Long time IndyCar Series and Indianapolis 500 partner BorgWarner will stay integrated in the open-wheel community through 2020, in an announcement released by the company this morning. BorgWarner is slated to continue as the series’ official turbocharger supplier for the next two IndyCar seasons.
“BorgWarner is honored to continue its partnership with INDYCAR and the IndyCar Series, America’s premier open-wheel racing series,” said Scott Gallett, vice president marketing, public relations, government affairs and internal communications, BorgWarner Inc.
“Our EFR turbochargers are the perfect match for INDYCAR, with their advanced engineering, low weight and proven durability, they truly are engineered for racing.”
The official turbocharger provider since IndyCar changed engine formulas in 2012, BorgWarner has completed a self-reported “1.25 million trouble-free miles” as the dedicated part provider. Read More
Following the addition of DragonSpeed to IndyCar’s list of part-time teams in 2019, now is as good a time as ever to update the entry list for next May’s 103rd Indianapolis 500.
When we last visited the entry list on November 10 there were 29 entries confirmed with some question marks still hovering over teams such as McLaren, Harding Steinbrenner Racing and Dale Coyne Racing.
Those hazy situations have found clarity in the last month and help paint a more defined picture for May. The prospect of bumping is alive and well while projections show that there will be more than the 35 entries we saw at the Indianapolis Motor Speedway for the 2018 Indianapolis 500.
At present, there are 30 confirmed entries for the 2019 Indianapolis 500. These are teams that have announced their intentions to be at Indianapolis in May and their cars are accounted for. Read More
Just like The Little Engine That Could, Dreyer & Reinbold Racing is plugging away at a return to the Indianapolis 500 – and eventually – full-time IndyCar Series competition.
Since its final full season in 2012, Dennis Reinbold’s team has spent the last six years building around the month of May at Indianapolis. With drivers such as Oriol Seriva, Townsend Bell and Sage Karam leading the way, DRR has recorded finishes as high as 9th (Karam, 2014) and as low as 32nd (Karam, 2016).
This past May, the team expanded to two cars for the Indianapolis 500 when veteran J.R. Hildebrand was brought aboard to run alongside Karam. It was the team’s first two-car effort at the Indianapolis 500 since 2011.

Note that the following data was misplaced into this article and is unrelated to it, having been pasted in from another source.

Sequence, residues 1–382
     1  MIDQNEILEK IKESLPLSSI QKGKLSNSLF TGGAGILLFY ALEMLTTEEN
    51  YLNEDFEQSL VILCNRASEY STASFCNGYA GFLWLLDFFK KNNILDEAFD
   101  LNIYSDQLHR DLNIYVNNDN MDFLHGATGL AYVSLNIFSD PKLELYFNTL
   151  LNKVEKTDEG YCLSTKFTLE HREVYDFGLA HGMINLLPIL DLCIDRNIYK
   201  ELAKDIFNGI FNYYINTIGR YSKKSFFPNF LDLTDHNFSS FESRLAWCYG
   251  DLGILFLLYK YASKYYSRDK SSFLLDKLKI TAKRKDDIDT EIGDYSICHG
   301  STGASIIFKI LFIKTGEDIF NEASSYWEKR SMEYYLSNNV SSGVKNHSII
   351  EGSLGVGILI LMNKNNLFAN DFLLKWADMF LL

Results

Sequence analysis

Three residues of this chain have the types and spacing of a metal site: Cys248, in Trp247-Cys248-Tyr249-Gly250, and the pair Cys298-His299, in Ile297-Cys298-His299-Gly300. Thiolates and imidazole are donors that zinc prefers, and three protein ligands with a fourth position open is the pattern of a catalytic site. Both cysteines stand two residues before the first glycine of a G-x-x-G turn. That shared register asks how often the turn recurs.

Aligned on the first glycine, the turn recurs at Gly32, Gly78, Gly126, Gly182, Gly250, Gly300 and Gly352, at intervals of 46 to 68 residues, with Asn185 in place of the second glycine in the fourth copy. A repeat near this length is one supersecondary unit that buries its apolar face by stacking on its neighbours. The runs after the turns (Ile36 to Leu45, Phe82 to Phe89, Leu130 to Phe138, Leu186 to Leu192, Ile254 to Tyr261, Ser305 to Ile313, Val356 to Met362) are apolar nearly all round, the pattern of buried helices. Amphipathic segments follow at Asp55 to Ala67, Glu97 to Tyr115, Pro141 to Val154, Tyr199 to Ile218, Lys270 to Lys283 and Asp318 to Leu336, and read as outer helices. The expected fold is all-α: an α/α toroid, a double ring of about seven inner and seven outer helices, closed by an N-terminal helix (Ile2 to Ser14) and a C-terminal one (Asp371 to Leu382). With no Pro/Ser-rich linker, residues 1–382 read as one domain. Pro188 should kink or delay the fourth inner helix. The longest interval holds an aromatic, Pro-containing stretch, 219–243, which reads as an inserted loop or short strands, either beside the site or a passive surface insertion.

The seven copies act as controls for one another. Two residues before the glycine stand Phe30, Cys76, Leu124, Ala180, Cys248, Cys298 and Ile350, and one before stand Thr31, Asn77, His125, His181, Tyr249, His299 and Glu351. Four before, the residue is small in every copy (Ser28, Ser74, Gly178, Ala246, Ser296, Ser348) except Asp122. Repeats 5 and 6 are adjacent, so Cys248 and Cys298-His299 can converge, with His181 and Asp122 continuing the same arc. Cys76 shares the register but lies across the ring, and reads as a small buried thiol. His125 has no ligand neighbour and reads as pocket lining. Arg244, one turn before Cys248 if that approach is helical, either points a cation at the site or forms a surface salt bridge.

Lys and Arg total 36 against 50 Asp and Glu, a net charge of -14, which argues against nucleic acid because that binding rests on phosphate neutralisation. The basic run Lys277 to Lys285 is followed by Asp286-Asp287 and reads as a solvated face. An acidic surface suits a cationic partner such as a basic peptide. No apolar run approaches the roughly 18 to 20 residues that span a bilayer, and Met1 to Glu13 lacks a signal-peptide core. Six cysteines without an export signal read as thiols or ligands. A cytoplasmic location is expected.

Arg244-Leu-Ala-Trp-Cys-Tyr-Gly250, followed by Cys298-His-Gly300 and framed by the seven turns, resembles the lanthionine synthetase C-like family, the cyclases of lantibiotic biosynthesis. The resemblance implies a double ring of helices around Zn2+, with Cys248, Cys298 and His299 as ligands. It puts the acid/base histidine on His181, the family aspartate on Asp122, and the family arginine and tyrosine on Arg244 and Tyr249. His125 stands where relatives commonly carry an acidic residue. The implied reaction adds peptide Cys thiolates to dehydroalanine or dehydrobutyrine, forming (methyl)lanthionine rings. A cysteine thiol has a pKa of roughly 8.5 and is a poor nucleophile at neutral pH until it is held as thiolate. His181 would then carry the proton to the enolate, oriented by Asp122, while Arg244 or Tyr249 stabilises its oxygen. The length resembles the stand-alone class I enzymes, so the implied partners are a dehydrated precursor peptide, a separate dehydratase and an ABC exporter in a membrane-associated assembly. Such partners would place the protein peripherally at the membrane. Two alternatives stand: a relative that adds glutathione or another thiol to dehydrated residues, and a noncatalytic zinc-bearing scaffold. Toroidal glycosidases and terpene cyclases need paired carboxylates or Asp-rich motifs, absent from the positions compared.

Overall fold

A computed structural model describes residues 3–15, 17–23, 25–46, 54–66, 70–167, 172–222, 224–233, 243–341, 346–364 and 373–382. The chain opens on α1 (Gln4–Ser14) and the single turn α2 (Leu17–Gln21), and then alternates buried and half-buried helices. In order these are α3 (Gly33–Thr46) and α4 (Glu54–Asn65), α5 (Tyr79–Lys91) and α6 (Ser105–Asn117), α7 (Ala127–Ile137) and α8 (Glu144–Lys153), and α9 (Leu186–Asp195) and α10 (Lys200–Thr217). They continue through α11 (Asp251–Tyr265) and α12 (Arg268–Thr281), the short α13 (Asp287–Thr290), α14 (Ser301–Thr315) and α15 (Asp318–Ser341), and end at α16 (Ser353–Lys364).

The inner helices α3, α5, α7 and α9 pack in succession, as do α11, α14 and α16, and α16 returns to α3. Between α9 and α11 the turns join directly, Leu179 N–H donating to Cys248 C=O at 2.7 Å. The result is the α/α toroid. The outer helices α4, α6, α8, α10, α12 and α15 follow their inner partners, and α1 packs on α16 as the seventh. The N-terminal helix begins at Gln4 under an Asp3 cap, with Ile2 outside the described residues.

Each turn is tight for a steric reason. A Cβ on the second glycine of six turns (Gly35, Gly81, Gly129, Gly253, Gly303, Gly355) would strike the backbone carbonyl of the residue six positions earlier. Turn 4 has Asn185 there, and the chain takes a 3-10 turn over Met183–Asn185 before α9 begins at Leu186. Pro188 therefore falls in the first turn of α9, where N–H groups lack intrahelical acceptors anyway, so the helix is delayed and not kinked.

When asked about his Indianapolis 500 plans for 2019, Karam was confident he would return with Dreyer & Reinbold as the team aims for a similar program employed in 2018. Read More
Across multiple disciplines and levels of racing, Sage Karam has participated in (and flashed success at) some of the most coveted events in motorsports.
After winning multiple karting championships, the 2010 USF2000 title with Andretti Autosport and the 2013 Indy Lights championship with Schmidt Peterson Motorsports, it’s no surprise that the Pennsylvania native still has a strong following in IndyCar circles.
Karam’s only multi-race season in the IndyCar Series came in 2015, competing in 12 of the 16 races that year for Chip Ganassi Racing. His other four years have been spent as a one-off Indianapolis 500 specialist for Dreyer & Reinbold Racing, banking a career-best finish of 9th as a rookie in 2009.
Considering his track record, fans may be interesed in learning that Karam finds just as much success and enjoyment in another diverse and radically unique form of motorsport: sim racing. Read More
Pabst Racing has announced the signing of 15-year-old Yuven Sundaramoorthy for the 2019 Cooper Tires USF2000 Championship.
Sundaramoorthy, who will turn 16 years of age on February 22nd, was born in Oconomowoc, Wisconsin, where Pabst Racing is based. He found his love for the sport while spectating at a Formula One race in Shanghai, where he lived for six years.
Sundaramoorthy’s career began in karting on the other side of the world and led him back to the United States four years ago, which opened the door to competition in the F1600 Championship.
After a productive and successful two seasons (earning a 4th and 3rd place in the points championship), he decided the next step for the high school junior’s motorsport career would be the Road to Indy. Read More
Feature Image By Jason Porter/INDYCAR